Red-Eyed Vireo (top) - Voice: Robin-like, rich and fruity. Pace and duration: Steady and energetic, sometimes incessant (for hours). Phrases: Usually three syllables.
Blue-headed Vireo (below) - Voice: Slightly thinner and weaker than red-eyed vireo, somewhat forced from the “back of the throat.” Pace and duration: Slower, more reticent; the blue-headed often stops singing (even in the morning). Phrases: Includes more two-syllable phrases, notably a cute, recognizable see-ya (often at the end of each iteration).
Some weighty and persistent questions in the North Woods: Black spruce or red spruce? Green frog or mink frog? Red-eyed vireo or blue-headed vireo?
Not that the two vireos look alike. What makes them difficult is that they sound alike, and we often hear vireos before we see them. Taking on the challenge of telling these two vireos’ songs apart will not only help you learn more about these species, it will also provide a lesson in how to analyze and recognize confusing vocalizations among birds in general.
First, a review of the basics. Begin by learning the songs of common species, which can serve as points of reference. A scarlet tanager sounds like an American robin with a sore throat, for example, and a rose-breasted grosbeak sounds like a highly caffeinated American robin with a richer voice.
Using catchy mnemonic phrases can also help – whether they come from your field guide or your own brain. A black-throated green warbler sings a buzzy, memorable zee zee zah zoo ZEET! But one birder I know prefers, I’ll have mine on WHEAT! She even makes the vague connection from wheat to moldy bread to the green on the warbler. Hey, like I say, whatever works. (By the way, if those sonograms – basically oscilloscope displays of bird vocalizations – work for you, more power to ya’. My brain doesn’t like them.)
David Sibley described the song of another vireo – the warbling vireo – as a rapid, run-on, husky viderveedeevider veedeeviderVEET. If that seems like a mess or otherwise doesn’t work for you, try saying this (as fast as you can): if-I-could-see-you-I-would-seize-you,-and-I-would-squeeze-you-’til-you-SQUIRT! Does a warbling vireo say anything resembling those words? Nope. But it works for many birders, mostly because the duration of the phrase and its energy and cadence match a warbling vireo’s performance.
Which brings us back to our teachable moment with blue-headed and red-eyed vireos. Again, a good point of reference is the American robin, which sings rich, repeated two- or three-syllable phrases: churry-up churry-oh, cheer-up cheery-oh. The vireos sing similar, sweet, slower versions of this; they sort of say their name and offer a running commentary on your bird-finding skills: veerio, here-I-am, look-way-up, in-the-tree, see-me? No, you-don’t.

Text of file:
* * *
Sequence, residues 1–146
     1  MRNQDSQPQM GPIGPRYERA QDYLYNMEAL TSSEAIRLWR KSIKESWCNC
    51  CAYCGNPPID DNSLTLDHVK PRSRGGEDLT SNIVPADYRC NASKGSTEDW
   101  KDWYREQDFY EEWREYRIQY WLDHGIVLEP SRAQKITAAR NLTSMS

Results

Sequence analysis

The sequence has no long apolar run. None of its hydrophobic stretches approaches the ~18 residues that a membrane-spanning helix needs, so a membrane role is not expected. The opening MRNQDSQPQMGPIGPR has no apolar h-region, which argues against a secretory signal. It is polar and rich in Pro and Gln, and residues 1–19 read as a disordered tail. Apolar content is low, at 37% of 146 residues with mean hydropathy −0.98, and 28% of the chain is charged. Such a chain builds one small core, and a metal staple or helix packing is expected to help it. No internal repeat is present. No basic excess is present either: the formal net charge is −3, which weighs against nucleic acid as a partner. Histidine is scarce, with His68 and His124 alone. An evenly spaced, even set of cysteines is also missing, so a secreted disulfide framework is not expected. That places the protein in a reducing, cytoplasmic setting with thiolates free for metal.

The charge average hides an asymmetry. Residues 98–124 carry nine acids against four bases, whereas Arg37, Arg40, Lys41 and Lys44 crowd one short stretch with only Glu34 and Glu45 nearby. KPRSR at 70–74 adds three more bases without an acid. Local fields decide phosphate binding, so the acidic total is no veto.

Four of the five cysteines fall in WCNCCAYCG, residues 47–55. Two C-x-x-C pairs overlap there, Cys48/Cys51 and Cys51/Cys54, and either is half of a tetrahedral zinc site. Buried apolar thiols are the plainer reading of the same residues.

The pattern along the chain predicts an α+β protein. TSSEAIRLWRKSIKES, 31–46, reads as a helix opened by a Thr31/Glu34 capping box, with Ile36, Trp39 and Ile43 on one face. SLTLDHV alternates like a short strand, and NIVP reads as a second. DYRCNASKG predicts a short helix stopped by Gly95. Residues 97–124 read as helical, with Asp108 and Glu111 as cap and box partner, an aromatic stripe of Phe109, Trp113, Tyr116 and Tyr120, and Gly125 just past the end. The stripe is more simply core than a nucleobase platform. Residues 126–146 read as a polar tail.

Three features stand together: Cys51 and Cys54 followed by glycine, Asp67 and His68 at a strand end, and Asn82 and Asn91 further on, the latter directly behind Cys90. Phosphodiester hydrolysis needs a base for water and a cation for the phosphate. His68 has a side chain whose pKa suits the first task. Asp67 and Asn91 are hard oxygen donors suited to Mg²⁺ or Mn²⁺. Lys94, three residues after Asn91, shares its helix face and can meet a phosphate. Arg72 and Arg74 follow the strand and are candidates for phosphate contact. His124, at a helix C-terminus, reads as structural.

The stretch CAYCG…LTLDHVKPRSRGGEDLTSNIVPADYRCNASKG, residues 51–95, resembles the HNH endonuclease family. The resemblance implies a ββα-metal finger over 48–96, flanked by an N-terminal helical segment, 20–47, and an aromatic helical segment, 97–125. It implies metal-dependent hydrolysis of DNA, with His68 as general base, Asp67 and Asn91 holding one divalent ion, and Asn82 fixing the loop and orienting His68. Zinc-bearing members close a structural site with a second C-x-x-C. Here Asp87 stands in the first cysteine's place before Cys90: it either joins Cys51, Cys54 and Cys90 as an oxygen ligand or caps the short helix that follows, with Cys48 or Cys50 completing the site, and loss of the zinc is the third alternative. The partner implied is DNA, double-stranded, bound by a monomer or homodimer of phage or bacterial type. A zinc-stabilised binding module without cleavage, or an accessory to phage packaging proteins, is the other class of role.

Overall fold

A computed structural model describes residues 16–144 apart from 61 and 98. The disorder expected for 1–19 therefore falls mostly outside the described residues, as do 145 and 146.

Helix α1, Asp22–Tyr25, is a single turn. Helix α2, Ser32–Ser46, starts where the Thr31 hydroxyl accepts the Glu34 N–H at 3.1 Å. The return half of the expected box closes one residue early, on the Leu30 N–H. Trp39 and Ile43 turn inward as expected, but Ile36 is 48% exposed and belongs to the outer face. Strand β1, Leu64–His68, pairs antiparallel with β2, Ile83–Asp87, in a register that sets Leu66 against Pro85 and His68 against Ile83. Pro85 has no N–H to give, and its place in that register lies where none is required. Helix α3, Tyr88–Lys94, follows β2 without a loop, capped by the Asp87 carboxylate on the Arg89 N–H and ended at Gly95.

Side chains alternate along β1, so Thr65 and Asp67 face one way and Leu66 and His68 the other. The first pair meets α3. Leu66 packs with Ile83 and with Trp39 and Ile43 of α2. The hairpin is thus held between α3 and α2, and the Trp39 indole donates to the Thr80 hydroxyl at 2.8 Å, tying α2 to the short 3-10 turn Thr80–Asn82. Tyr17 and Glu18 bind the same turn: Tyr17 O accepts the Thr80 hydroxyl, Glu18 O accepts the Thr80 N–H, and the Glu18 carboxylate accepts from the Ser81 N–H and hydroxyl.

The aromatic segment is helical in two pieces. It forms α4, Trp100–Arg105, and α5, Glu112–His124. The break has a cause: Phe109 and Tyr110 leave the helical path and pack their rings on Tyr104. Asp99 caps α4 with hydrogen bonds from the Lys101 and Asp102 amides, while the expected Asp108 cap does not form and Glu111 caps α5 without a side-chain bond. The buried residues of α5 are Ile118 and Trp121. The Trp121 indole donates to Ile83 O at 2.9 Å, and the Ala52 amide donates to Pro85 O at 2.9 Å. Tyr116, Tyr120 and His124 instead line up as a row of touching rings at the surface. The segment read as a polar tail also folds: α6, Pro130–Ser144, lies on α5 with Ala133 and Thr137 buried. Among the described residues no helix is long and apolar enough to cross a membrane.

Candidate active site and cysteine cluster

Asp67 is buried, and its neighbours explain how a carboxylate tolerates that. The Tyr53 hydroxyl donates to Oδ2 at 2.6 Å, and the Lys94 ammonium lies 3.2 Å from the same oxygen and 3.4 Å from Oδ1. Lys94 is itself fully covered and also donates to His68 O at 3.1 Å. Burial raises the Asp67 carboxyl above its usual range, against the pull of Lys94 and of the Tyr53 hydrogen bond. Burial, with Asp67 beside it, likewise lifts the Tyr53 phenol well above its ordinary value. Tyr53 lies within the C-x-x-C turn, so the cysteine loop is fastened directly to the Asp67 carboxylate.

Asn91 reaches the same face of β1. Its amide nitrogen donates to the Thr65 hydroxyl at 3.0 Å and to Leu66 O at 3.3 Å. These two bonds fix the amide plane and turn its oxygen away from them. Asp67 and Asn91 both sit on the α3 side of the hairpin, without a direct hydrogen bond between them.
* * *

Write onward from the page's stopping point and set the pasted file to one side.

So first, get a general sense of the vireo’s song – the essentials of its phrases and sweetness. (You’ll be able to practice after you’re done reading.) Next comes the skill-building: discern subtle differences in voice, pace, and phrases. Yes, these distinctions can be hard to learn. But the payoff is more than wisdom in the woods; I find the journey – slowing down, losing for a moment the wonderful mess of diversity in our woods, adopting a singular focus – worthy of almost any walk outside. With time, you’ll notice the differences I point out here in the table.
Now that you’re ready to go outside and practice, here’s a way to cheat. In June and July, the red-eyed vireo can be a reference bird. Widespread in hardwoods, they sing – often nonstop – throughout the nesting season. If you’re in hardwoods (and sometimes mixed woods), even in suburbia, you are not far from a red-eyed vireo. Blue-headed vireos prefer nesting in softwoods.
Oh, by the way, if you would like an even more demanding vireo challenge, consider the Philadelphia vireo. (No, being from Philly won’t help you recognize its accent.) Philly vireos breed in early- to mid-successional deciduous woods and edge habitats across boreal Canada and parts of northern New England and New York. They sound very much like red-eyed vireos, but slower and weaker. The similarities are so strong that I confuse them with red-eyes about half the time. Which is fine – birds are a journey in lifelong learning.
Bryan Pfeiffer is an author, wildlife photographer, guide, and consulting naturalist who specializes in birds and insects. He lives in Montpelier, Vermont.